Thursday, July 3, 2014
Exclusive: Steph Houghton interview

Exclusive: Steph Houghton interview

Steph Houghton is one of the most recognisable faces at Arsenal Ladies. As well as playing central midfield / right back/ left back / centre half / on the wing for Arsenal, she is a full England international and was Great Britain’s Top Scorer at this summer’s Olympics, scoring 3 goals (from left back no less). She is also Arsenal Ladies’ social media ambassador (and you can follow her on Twitter @StephHoughton2).

In an exclusive interview with Tim Stillman, Steph talks about the Olympics, Arsenal’s title charge, the influence of Kelly Smith, the importance of social media and the prospect of playing Barcelona in the Champions League.

Steph, firstly thanks very much for giving up some of your time. Obviously it’s been a big summer for you, representing Great Britain in the Olympics in London. You of course scored the winning goal against Brazil at Wembley, in front of a crowd of over 70,000. Has that moment changed your life?

The Olympics was such an amazing experience for all of the girls, it was a massive honour and privilege for us all to represent Team GB. Clearly Brazil was the standout game. To play in front of that many people was an incredible experience. Personally, I was proud of my performance in the Olympics and yes, now I get recognised more and support from the fans has been amazing. The moment hasn’t changed me as a person though. The Olympics has been a great platform for women’s football and I really hope it creates a greater interest in the game.

Staying with you and your career. You grew up in South Hetton, a small village in Sunderland. You supported Sunderland as did your whole family and you played for Sunderland. Was it a difficult decision to join Leeds when you were 19?

Yes, I’ve been a lifelong fan, my whole family are. I’d played for them for ten years, so I deliberated over the decision. But I wanted to improve myself as a player and Leeds were in the women’s Premier League at the time. From a purely professional point of view it was a positive step in my career so I had to take it to further myself. It was the right decision because I developed and now I’m playing for Arsenal with some of the best players in the country and the best manager in the country. I couldn’t be happier with the way things have gone.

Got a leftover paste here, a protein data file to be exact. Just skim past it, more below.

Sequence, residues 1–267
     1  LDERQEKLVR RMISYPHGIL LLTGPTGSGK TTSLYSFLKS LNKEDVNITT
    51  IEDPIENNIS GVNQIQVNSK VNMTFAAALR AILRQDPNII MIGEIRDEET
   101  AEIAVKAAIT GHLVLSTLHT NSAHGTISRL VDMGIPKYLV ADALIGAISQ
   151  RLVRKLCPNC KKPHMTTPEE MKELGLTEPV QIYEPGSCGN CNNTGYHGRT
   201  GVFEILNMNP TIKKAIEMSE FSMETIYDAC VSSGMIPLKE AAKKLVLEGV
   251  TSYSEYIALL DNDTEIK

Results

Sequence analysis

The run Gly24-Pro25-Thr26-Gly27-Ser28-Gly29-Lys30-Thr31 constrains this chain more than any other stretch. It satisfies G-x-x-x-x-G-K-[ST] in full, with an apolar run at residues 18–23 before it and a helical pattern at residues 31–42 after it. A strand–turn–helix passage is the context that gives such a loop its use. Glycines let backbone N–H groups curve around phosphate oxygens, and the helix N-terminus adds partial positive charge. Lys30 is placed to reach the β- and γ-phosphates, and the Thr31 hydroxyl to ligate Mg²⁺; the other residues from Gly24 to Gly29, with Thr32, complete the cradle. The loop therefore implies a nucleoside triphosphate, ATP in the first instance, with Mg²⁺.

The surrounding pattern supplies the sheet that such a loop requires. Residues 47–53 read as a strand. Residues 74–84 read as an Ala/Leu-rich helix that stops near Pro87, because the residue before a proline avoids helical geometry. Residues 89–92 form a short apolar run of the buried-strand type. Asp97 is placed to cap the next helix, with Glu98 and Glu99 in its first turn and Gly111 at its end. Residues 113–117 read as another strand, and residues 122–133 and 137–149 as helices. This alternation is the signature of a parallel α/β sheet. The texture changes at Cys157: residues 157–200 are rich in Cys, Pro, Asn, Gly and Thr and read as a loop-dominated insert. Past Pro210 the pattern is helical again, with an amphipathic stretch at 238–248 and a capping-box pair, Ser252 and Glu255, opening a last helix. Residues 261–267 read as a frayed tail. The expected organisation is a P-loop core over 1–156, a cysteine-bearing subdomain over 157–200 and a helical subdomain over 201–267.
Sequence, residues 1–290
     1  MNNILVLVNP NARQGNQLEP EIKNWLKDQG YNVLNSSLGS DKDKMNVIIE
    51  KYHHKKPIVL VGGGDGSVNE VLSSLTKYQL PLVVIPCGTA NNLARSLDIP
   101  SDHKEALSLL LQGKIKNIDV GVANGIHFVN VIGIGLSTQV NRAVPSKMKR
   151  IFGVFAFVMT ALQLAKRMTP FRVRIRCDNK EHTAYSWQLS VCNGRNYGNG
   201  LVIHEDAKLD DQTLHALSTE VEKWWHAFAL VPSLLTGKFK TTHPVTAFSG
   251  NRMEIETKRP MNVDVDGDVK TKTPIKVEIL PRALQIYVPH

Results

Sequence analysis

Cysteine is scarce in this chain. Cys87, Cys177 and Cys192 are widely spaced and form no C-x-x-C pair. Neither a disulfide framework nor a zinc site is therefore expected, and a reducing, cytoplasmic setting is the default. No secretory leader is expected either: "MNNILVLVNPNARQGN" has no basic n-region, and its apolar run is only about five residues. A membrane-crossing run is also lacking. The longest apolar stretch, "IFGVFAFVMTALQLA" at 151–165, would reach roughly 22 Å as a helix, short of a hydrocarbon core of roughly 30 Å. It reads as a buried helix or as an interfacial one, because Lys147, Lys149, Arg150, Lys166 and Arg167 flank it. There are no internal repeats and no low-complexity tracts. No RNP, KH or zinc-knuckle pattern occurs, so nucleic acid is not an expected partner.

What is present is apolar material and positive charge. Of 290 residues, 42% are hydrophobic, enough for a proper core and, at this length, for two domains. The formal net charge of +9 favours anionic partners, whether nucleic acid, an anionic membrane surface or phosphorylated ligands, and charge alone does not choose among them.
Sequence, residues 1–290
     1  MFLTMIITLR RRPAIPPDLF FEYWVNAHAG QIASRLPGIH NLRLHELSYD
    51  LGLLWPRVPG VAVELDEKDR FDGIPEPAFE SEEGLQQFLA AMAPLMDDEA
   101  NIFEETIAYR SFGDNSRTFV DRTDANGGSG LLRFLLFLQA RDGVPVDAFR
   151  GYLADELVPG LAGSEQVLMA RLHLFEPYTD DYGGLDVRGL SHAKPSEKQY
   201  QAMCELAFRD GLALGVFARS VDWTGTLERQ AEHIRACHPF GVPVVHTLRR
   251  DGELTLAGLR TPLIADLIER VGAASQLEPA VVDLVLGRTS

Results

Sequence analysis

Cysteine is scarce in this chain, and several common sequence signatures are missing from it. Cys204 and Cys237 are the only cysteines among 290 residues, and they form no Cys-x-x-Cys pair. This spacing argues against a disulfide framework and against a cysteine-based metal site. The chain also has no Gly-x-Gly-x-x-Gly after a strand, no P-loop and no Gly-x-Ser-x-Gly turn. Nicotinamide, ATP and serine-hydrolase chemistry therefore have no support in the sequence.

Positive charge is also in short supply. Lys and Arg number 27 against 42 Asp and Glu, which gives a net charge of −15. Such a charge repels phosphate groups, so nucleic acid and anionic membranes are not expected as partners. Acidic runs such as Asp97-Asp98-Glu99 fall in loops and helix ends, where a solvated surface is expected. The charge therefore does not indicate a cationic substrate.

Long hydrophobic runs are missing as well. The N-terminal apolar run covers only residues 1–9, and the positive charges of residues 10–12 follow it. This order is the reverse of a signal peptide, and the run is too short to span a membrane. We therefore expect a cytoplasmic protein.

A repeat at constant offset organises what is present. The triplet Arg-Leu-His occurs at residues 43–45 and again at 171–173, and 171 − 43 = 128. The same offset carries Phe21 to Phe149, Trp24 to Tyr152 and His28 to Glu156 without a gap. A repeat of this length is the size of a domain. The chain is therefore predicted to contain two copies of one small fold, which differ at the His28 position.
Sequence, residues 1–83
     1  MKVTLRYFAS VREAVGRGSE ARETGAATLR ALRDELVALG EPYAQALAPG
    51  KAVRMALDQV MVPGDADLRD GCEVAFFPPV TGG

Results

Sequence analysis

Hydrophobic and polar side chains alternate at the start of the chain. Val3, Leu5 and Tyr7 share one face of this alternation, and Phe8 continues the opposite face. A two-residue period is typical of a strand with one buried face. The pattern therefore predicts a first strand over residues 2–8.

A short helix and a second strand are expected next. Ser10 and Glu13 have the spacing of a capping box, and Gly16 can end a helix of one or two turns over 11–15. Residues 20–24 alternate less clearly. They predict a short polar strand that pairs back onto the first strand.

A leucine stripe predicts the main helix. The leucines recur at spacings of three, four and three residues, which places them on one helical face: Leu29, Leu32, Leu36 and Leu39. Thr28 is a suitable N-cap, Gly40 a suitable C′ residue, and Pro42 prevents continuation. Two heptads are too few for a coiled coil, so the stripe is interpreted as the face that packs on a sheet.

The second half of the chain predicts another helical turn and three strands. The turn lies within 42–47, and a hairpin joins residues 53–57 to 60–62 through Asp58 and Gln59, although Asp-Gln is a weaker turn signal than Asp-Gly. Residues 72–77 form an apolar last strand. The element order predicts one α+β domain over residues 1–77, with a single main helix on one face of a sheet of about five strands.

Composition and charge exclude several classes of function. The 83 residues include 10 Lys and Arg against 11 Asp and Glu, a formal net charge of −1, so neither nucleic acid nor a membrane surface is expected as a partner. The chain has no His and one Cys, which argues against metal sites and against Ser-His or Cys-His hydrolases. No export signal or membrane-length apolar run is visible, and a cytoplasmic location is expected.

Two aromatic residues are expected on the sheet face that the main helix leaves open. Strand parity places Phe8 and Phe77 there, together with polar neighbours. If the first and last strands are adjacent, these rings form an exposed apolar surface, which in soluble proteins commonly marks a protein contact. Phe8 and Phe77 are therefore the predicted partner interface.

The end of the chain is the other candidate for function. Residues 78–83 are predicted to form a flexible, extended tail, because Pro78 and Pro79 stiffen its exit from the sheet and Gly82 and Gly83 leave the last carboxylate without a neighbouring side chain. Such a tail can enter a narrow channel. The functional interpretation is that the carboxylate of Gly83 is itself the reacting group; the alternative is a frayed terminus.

You’re a very versatile player Steph. You started as a striker, but for Arsenal you have played right back, right midfield, centre half and central midfield. You spent the summer playing left back for both England and Great Britain. What do you regard as your best position?

 

It sounds odd but I really don’t know. I just enjoy playing football so much that I’ll play anywhere! I’m sure in a few years when I’m a bit older I’ll settle into one position, whether it’s full back or central midfield. I’ve really enjoyed playing in the centre since Jayne Ludlow got injured, but equally I like playing at full back. Different positions make different demands on your body. At full back there are a lot of sprints, followed by short periods of rest, whereas in midfield you’re moving all the time. But I concentrate a lot on my fitness so I’m happy to play wherever the manager thinks I can do a job for the team.

Moving onto Arsenal more generally. In the spring, Arsenal suffered a rocky period by their lofty standards. Losing a Champions League semi final to Frankfurt and then an F.A. Cup semi final to Chelsea in quick succession, followed by a defeat and a draw at Lincoln. But you strung three wins together shortly before the Olympics. Did the mid season break come at the wrong time for Arsenal?

It’s true we’d just started to get some momentum again, but most people don’t realise the squad play and train all year. There were a lot of tired bodies, a lot of the girls have now had a good physical and mental break, which can help us. We’re an experienced squad used to winning things and we can cope with the challenge.

Kelly Smith was injured for most of the first half of the season. But she showed her class in the last game before the break, coming off the bench to score two match changing goals against Chelsea. She took another slight knock at the Olympics. What kind of shape is she in?